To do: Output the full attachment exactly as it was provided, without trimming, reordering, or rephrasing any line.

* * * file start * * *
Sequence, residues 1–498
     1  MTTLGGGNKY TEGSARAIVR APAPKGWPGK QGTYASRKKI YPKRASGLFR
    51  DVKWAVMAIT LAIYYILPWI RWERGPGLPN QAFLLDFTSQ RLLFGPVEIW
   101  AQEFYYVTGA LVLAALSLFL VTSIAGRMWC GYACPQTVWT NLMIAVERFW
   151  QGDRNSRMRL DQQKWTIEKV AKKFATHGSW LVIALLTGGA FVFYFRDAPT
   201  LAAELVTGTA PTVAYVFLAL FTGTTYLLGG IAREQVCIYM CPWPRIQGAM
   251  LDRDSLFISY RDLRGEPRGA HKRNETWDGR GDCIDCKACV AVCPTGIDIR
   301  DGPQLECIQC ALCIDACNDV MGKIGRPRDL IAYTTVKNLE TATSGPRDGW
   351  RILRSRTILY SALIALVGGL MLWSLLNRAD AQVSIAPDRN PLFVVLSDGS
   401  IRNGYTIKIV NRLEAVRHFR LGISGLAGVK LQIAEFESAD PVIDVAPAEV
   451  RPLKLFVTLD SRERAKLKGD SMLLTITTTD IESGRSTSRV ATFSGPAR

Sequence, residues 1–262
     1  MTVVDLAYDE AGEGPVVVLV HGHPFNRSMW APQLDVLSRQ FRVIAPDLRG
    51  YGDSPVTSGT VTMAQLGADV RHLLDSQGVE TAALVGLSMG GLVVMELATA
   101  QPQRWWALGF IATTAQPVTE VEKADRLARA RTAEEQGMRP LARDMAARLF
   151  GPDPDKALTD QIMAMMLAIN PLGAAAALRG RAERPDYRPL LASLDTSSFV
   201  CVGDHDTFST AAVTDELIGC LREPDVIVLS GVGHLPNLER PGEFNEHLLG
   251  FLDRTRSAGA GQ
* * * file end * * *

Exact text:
Sequence, residues 1–498
     1  MTTLGGGNKY TEGSARAIVR APAPKGWPGK QGTYASRKKI YPKRASGLFR
    51  DVKWAVMAIT LAIYYILPWI RWERGPGLPN QAFLLDFTSQ RLLFGPVEIW
   101  AQEFYYVTGA LVLAALSLFL VTSIAGRMWC GYACPQTVWT NLMIAVERFW
   151  QGDRNSRMRL DQQKWTIEKV AKKFATHGSW LVIALLTGGA FVFYFRDAPT
   201  LAAELVTGTA PTVAYVFLAL FTGTTYLLGG IAREQVCIYM CPWPRIQGAM
   251  LDRDSLFISY RDLRGEPRGA HKRNETWDGR GDCIDCKACV AVCPTGIDIR
   301  DGPQLECIQC ALCIDACNDV MGKIGRPRDL IAYTTVKNLE TATSGPRDGW
   351  RILRSRTILY SALIALVGGL MLWSLLNRAD AQVSIAPDRN PLFVVLSDGS
   401  IRNGYTIKIV NRLEAVRHFR LGISGLAGVK LQIAEFESAD PVIDVAPAEV
   451  RPLKLFVTLD SRERAKLKGD SMLLTITTTD IESGRSTSRV ATFSGPAR

Sequence, residues 1–262
     1  MTVVDLAYDE AGEGPVVVLV HGHPFNRSMW APQLDVLSRQ FRVIAPDLRG
    51  YGDSPVTSGT VTMAQLGADV RHLLDSQGVE TAALVGLSMG GLVVMELATA
   101  QPQRWWALGF IATTAQPVTE VEKADRLARA RTAEEQGMRP LARDMAARLF
   151  GPDPDKALTD QIMAMMLAIN PLGAAAALRG RAERPDYRPL LASLDTSSFV
   201  CVGDHDTFST AAVTDELIGC LREPDVIVLS GVGHLPNLER PGEFNEHLLG
   251  FLDRTRSAGA GQ